The pension article by Jim Waters of the Bluegrass Institute was certainly an interesting read. I enjoy fiction.
I am a State Government Retiree who became alarmed about the funding level of the Kentucky Employee Retirement System non haz (KERS nh) pension plan and over the course of the last year have learned much about the facts.
The facts are:
1) The Kentucky Retirement System (KRS) was formed by Legislation which was passed by Legislators.
2) Any changes to the pension plans under the purview of KRS are Continue reading Letter to the editor→
As a Kentucky Retirement Systems stakeholder, I am gratified by Gov. Matt Bevin’s recognition of the existential threat to the Kentucky Employees and State Police pension plans. His General Fund budget proposal for the upcoming two fiscal years allocates revenue above the full employer contribution to begin addressing this threat.
As members of the General Assembly return to Frankfort for the 2016 Regular Session, they will find themselves facing a multitude of challenges, one of the more critical being pension funding. Legislative action in the 2013 Regular Session provided the framework for funding the plans managed by the Kentucky Retirement Systems (KRS). Public employee (and teacher) pensions will require tens of millions of new Continue reading Letter To The Editor→
What would you think if several miles of a 70 year old natural gas pipeline in your county was converted to carry hazardous liquids? Industry giant Kinder Morgan plans to do just that. The hazardous liquids are highly explosive and pose a myriad of health and community safety risks, yet they are colorless and odorless, so you won’t know that you’ve driven into a vapor cloud until your car explodes.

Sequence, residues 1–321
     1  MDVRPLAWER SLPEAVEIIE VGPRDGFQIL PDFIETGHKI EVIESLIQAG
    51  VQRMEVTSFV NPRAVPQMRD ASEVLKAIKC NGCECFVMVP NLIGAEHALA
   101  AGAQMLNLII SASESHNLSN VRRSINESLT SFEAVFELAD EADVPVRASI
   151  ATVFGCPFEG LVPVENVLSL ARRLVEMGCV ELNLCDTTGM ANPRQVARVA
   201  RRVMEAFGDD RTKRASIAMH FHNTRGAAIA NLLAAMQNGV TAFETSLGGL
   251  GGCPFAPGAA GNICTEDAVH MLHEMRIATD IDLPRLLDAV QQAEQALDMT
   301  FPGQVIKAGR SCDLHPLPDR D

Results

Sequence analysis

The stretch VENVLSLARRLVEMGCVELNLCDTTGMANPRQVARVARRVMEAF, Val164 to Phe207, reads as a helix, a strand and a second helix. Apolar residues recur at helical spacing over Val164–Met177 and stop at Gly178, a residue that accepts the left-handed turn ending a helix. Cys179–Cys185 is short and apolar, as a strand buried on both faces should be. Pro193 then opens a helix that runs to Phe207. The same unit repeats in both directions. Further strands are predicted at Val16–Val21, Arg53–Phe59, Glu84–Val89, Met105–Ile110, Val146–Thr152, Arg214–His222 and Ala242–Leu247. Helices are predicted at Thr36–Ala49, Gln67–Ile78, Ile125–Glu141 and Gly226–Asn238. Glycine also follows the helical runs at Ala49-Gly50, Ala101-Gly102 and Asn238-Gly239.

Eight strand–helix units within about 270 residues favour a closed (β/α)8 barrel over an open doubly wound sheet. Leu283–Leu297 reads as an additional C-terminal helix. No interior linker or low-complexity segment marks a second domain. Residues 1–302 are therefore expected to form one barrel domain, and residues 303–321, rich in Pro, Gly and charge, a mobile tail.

I invite you to learn about pipeline safety, emergency response, and local options for communities seeking a sustainable future at Pipelines, Fracking, and Kentucky’s Future Beyond Fossil Fuels, a free one day summit on Saturday, November 7 in Lexington.
Results from the recently concluded “Age-Friendly” Berea survey revealed more than just how residents feel about issues impacting the quality of their daily lives. It also provided food for thought on a number of opportunities the city and surrounding communities could pursue.
As part of the World Health Organization/AARP “Age-Friendly” Cities movement, the study looked at how well Berea is doing in eight (8) core areas of livability: public transportation; affordable and variety of housing; outdoor spaces and buildings; communication and information; health and wellness; socialization; jobs; and civic engagement. The results, a first for Berea and our area, are part of an ongoing set of criteria the city must meet to achieve “age-friendly” status. Its designation can mean a lot to Berea in terms of tourism, retirement, and Continue reading Survey results point to issues; identifies opportunities for Berea→